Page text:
On Cats and Weddings

A day or two ago, a post about CatCon LA showed up in my Facebook newsfeed. Sporting the tagline “It’s like Comic-Con…but for cat people,” CatCon LA is “part expo, part symposium,” and will, according to its website, feature “the world’s top cat-centric merchandise including furniture, art, toys and clothing for those of us who possess a great love of the feline.” There will also be speakers, including Simon Tofield, the creator of the brilliant Simon’s Cat animated cartoons. I’ve never really understood the appeal of Comic-Con, but CatCon kinda makes me wish Los Angeles weren’t so far away.

Go ahead, roll your eyes.

One of the unexpected benefits of being engaged: I can embrace my love of felines without fear of being labeled and dismissed as a stereotype: the single middle-aged crazy cat lady.

Charlie in the window

Charlie in the window

I’ll just be a married middle-aged crazy cat lady.

For the record, there is nothing wrong with being a cat lady, or a cat person, single or married, crazy or crazier. Though I confess: I cringe whenever I find myself at the grocery checkout, buying a stash of microwaveable meals, a couple bottles of wine, and 20 cans of cat food. Add chocolate, I’m a walking cliché.

And yet: my cats are really the only creatures who’ve been my constant companions, day in and day out, greeting me every morning, welcoming me at the door every night. I have wonderful friends and human family I love dearly, but none of them wakes me up purring with a chin resting on my pillow, or perches in the front window, anxiously awaiting my arrival home.


Roscoe kitty

When I met Steve, I had four cats. I lost my Roscoe–who is his own story–only a month or so into our relationship, leaving me with the three girls: Eliza Jane, Charlie Kate, and Lolita. To Steve’s great credit, he never balked at my plentiful furry roommates. My mother has long told me that when it came to choosing a partner I should (and I quote) “Listen to your cats!”  Had I followed her advice, I could have saved myself and several people I cared about some heartache over the years. There was genuinely sweet “Jim” in grad school: Roscoe would pee anywhere but the kitty box rather than walk through a room Jim was in, apparently aware we were a mismatch well before I was. “Michael” thought it amusing to tease Eliza by startling her; she hissed, ran down the hall, and never forgave him. And the man I dated not long before I met Steve was highly allergic, the equivalent of a neon sign flashing “Not this one!”

My cats adore Steve.

Eliza Jane

Eliza Jane

“Adore” might not be a strong enough word. Eliza mews approvingly when he scratches her ears. Lola claims his lap almost before he even gets settled on the couch, and Charlie, his biggest fan, always runs to greet him. She frequently settles on his chest at full purr in the wee hours, angling for an early morning petting session. She reaches out a sweet white paw and taps…taps…until he not-so-grudgingly obliges.

And people say animals are incapable of reasoning.

CatCon LA got me to thinking about cats and weddings. One doesn’t have to look far to find cute pictures of pooches serving as ring bearers, dogs dressed in bow-ties for their owners’ weddings. But almost no one talks about including cats in the ceremony. Maybe for obvious reasons. I went to a “Cat Party” a few years ago where the felines themselves (along with their people) were encouraged to attend. The evening was the brainchild of a creative event director who’d recently adopted his first kitty. I loved the concept; nobody ever plans parades, or public blessings, or pet costume contests for cats. I packed my Charlie into a soft-sided carrier and walked with her to the downtown library. There were other visiting cats in carriers and carts, as well as kittens for adoption in a big wire cage. A band played (general folk music, no caterwauling), and a photographer who specialized in animals snapped free portraits. Snacks were offered for owners and kitties alike. The event director—whose own cat was huddled under a blanket in the back of his carrier— seemed surprised that the cats in attendance weren’t socializing like dogs might in a similar situation.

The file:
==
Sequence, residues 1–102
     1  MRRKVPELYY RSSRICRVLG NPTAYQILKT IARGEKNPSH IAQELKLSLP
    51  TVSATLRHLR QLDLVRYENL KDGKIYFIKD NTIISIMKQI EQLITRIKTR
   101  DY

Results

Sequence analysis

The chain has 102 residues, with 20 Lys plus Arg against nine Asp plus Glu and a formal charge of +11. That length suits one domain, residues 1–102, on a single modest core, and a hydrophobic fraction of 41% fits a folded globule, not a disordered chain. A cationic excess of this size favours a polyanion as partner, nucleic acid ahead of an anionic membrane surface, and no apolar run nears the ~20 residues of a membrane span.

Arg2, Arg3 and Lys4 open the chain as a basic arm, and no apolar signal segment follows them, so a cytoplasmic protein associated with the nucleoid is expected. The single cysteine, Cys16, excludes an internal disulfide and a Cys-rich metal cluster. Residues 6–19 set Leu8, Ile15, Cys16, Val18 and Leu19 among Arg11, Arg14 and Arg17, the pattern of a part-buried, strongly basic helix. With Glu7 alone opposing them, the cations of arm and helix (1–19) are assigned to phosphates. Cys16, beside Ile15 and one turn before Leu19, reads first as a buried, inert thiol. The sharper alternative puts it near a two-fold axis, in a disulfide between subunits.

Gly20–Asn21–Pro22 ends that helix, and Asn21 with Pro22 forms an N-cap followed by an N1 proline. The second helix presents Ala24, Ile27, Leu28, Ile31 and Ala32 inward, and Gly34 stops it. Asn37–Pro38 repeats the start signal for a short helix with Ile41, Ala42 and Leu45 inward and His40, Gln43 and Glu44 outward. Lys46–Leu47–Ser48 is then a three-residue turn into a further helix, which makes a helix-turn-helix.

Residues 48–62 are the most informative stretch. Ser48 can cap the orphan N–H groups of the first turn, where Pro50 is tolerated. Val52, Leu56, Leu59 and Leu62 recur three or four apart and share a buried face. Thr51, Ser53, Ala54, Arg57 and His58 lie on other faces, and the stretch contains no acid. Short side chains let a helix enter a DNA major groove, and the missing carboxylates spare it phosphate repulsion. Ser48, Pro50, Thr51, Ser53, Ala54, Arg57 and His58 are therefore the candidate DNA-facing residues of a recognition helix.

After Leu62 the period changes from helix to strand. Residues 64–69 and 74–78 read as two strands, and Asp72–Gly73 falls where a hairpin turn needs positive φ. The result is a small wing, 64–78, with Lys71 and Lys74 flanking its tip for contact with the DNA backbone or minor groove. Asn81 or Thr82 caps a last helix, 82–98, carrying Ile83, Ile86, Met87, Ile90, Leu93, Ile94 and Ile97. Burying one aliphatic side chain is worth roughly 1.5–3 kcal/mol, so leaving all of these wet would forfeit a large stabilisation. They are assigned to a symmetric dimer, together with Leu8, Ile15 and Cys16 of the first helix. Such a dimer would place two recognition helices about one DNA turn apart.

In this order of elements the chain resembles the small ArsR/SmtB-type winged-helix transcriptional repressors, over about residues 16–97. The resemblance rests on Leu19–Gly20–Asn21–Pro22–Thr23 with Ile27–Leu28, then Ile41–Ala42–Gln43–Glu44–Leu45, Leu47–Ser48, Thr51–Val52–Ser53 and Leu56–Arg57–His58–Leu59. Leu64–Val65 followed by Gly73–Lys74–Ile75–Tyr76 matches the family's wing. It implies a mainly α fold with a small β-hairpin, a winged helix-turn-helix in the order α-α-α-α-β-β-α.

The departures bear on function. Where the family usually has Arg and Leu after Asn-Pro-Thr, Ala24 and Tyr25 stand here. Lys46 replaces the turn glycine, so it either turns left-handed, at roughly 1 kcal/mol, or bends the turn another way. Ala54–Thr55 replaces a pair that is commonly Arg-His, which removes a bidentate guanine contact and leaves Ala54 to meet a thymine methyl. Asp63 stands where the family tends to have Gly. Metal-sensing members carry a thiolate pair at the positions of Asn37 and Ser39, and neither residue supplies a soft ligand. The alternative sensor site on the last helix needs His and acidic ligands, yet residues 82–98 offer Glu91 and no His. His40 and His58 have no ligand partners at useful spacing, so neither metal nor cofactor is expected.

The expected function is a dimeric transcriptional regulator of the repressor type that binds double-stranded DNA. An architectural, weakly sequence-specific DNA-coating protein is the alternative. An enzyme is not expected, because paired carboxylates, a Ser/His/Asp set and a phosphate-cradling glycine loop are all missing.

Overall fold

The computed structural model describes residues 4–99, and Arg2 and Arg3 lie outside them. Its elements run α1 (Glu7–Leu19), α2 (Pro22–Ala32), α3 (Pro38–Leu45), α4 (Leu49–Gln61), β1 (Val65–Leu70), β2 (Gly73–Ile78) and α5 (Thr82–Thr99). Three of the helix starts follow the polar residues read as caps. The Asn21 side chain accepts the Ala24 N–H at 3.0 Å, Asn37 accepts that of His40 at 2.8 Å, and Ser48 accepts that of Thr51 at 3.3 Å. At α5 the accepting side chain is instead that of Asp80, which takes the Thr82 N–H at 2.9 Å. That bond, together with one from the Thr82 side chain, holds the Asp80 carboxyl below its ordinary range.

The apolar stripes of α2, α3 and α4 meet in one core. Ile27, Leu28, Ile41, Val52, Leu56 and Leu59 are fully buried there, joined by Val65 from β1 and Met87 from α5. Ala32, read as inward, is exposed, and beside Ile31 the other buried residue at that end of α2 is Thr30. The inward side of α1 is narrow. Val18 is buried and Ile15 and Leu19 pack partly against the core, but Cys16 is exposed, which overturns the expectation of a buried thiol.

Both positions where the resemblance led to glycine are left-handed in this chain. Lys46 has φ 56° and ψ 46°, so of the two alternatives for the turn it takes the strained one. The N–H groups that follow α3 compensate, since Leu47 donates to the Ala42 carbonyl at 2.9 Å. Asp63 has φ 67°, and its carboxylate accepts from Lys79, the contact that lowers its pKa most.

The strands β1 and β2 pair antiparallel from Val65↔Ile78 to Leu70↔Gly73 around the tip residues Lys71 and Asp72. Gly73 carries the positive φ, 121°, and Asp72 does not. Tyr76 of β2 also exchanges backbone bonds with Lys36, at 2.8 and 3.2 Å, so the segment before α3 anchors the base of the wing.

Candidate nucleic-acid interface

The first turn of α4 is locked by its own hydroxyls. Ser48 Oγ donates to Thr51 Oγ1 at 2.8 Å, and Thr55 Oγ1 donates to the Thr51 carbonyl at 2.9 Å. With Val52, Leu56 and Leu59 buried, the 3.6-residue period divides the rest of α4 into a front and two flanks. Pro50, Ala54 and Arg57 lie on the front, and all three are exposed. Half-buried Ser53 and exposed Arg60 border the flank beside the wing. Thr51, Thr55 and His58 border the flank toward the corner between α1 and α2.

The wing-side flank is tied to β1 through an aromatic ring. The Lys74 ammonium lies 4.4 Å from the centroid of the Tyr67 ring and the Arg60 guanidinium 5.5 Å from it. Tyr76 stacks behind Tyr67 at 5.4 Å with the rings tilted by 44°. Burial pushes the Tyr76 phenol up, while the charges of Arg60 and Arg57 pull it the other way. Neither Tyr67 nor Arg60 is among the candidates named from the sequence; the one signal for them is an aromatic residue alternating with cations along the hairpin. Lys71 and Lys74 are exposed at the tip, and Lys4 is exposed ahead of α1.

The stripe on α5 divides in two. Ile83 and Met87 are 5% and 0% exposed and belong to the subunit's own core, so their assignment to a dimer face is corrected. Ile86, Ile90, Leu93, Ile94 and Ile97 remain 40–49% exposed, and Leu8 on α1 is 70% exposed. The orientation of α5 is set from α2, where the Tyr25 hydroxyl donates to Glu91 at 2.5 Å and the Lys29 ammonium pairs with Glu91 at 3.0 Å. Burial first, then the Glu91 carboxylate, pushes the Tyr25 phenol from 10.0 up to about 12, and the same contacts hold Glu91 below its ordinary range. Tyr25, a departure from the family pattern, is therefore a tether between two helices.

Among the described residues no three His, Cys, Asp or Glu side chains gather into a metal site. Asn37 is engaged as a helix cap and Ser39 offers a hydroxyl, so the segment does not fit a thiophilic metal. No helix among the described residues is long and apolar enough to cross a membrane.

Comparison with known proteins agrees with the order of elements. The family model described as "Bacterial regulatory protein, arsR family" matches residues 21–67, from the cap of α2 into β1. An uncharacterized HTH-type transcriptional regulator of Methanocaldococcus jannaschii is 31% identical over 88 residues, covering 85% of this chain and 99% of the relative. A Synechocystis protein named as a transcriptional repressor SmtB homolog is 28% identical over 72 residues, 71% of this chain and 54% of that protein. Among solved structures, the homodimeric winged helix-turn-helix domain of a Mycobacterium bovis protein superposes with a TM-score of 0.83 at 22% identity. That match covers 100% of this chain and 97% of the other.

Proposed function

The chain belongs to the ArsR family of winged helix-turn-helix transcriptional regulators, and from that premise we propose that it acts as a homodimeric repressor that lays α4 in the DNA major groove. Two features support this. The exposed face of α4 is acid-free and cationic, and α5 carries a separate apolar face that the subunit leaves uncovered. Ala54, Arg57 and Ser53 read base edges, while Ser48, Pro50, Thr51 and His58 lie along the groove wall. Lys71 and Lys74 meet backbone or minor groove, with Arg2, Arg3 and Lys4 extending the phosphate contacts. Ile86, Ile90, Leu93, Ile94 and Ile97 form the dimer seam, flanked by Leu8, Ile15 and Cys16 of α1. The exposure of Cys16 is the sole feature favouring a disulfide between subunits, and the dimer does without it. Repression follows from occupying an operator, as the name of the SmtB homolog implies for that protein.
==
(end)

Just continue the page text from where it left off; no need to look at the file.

The Norwegian Forest Cat herself

The Norwegian Forest Cat herself

I wasn’t. Cats aren’t into crowds. Even laid-back Charlie spent a good piece of the evening alternating between digging death-grip claws into my neck and attempting to launch off my shoulder to scale the nearest bookcase. When an admirer exclaimed over her beauty and proclaimed her a Norwegian Forest cat, she meowed plaintively: damn paparazzi.

Cats aren’t into the big social scene (to my introvert’s mind, one of their more admirable attributes). Still, I like to picture Eliza Jane, one paw on the ring pillow. purring in a pretty turquoise bow, or elegant Lola, all black velvet and green eyes, draped across the book table, tail a-swish. I can also imagine more uncertain wedding adventures: four paws balancing on the rooftop walls five stories above the street, kitty whiskers decorated in cupcake frosting. Charlie, no doubt, would plaster herself to the glass roof of the butterfly garden, mesmerized by the fluttering wings below, and chatter away as we spoke our the door

The cats will be happier away from the day-of fray, I know. But I’m glad they’ll be there to welcome us home afterwards, even if the real source of their joy is the permanent doubling of available hands and laps.

And I’m really glad that I finally listened to my cats.

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